Honestly, I think that priming is the lynchpin to this whole hardwood floor painting process. If you don’t use a good primer or skip this step, then you are not going to love the outcome of your project, I’m willing to bet.
Before slapping on the primer, take the time to tape your baseboards, and you’ll also have to cut in the perimeter of your floor with a paintbrush. I always use my old standby, which is this 3.5″ angled paintbrush…cannot start a painting project without her. Home Depot used to carry this brand, but for some reason, they no longer do :(.
Once you’ve cut in with your paintbrush around the perimeter of the room, it’s time to roll. Using a paint pole extender will make this project much easier on your back.
Since I was starting with a very shiny floor that had not been sanded, I decided to paint on TWO coats of primer. Necessary? I’m not sure, but I’m glad at this point I made that decision.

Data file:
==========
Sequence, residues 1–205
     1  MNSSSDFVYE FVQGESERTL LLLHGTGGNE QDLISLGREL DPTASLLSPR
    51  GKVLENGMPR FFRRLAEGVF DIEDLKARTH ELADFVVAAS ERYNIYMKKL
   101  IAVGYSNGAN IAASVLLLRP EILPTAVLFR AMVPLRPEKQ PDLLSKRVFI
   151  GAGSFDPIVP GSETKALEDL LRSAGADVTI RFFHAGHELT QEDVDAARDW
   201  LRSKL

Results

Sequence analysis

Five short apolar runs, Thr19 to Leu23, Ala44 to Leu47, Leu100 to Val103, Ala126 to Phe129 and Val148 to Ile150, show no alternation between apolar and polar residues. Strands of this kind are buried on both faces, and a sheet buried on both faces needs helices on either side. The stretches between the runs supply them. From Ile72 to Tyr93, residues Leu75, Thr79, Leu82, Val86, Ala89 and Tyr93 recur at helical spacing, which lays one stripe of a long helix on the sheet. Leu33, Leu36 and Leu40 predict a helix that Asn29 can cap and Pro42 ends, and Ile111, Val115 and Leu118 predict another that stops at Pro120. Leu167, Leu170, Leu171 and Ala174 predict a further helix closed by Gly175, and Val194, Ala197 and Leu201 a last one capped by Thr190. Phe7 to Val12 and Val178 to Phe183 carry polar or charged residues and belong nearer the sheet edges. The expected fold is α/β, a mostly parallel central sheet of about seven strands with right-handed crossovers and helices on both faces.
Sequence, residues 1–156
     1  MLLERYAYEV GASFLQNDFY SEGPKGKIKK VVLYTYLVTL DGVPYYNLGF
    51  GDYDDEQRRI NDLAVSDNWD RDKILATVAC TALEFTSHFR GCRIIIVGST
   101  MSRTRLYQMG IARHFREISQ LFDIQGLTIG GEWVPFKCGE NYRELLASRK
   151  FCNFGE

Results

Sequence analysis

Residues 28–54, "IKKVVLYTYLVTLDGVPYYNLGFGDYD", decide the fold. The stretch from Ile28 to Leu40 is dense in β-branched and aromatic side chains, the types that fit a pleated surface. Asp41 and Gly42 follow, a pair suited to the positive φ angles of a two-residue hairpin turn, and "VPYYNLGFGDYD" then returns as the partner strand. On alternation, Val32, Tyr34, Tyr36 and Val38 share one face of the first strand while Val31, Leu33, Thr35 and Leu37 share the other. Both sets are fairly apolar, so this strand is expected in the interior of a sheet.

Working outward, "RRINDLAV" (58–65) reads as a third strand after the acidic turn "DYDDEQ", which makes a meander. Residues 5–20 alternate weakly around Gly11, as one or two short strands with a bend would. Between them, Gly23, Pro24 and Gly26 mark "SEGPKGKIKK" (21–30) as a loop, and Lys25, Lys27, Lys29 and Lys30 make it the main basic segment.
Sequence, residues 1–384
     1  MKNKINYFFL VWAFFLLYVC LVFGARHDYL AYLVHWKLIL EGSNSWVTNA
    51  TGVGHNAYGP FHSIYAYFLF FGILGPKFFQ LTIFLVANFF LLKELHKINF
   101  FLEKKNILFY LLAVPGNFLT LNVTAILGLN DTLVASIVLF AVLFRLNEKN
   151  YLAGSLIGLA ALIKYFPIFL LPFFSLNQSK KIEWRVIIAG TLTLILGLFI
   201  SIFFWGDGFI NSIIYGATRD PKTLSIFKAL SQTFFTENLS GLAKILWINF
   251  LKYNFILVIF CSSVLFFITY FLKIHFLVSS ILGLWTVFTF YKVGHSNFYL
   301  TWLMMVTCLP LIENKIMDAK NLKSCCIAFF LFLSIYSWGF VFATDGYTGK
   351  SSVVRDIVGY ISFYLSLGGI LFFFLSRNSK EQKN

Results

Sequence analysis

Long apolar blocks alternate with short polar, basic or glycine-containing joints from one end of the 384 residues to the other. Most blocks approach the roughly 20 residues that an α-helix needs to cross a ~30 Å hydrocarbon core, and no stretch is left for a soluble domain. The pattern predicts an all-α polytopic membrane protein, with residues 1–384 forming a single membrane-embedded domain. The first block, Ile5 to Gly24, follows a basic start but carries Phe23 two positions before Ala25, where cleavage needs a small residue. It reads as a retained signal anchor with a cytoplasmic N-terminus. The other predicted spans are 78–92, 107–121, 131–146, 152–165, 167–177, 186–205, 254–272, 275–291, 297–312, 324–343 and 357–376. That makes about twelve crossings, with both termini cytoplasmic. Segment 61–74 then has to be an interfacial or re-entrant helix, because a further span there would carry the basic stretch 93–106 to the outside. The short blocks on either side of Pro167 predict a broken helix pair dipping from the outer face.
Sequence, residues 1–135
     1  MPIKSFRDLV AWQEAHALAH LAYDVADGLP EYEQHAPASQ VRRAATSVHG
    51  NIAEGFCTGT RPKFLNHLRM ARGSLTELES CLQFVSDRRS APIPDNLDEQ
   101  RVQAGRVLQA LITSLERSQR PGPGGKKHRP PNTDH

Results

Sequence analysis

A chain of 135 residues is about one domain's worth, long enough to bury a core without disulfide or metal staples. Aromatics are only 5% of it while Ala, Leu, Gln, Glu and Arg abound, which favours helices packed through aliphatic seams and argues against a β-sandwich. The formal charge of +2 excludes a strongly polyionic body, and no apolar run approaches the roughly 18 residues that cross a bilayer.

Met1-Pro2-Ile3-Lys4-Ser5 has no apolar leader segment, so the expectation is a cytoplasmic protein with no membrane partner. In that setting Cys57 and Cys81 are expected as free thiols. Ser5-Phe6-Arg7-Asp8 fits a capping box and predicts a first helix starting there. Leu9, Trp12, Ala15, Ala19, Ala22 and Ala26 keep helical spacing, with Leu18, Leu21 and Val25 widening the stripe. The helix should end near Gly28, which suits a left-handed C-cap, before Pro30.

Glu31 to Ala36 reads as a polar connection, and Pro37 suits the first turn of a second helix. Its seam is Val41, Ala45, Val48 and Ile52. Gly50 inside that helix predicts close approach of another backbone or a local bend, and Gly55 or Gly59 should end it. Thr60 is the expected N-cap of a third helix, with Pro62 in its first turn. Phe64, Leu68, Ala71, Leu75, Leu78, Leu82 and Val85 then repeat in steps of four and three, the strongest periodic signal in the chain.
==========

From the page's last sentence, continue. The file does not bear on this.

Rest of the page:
Once the primer is dry (and make sure to follow the directions on your primer as far as drying time goes), it’s time to paint!
I wanted white floors, so originally, I decided to use Behr porch and patio paint in a glossy sheen straight outta the can. BUT THEN, once I saw it on the floor, it felt way too blue and cold to me.
I actually LOVED the color of the primer. Odd? Maybe. But rather than going and getting 85 white paint swatches, I decided to have them custom color match the paint to the primer color! It was just a slightly warmer white…similar to what I’d imagine Benjamin Moore Simply White would look like if cut by about 33% or so.
If you decide you want your painted wood floors to be the same color as ours, snap a pic of the label on the top of the paint can shown above, and take that to your paint store. That should allow them to custom mix your wood floor paint. Ours, again, was done at Home Depot.
I used two coats of paint (plus the two coats of primer) in total on the wood floor. Let’s start showing you some shots of the finished painted wood floors!
5.) Should I add a sealer?
Short answer? No.
Long answer? You could add a coat of clear polyurethane on top of your painted hardwood floors after the two coats of porch and floor paint. I wouldn’t recommend it, however.
The reason for this is three-fold. First, porch and floor paint is made for this application. It should hold up without the need for a coat of polyurethane.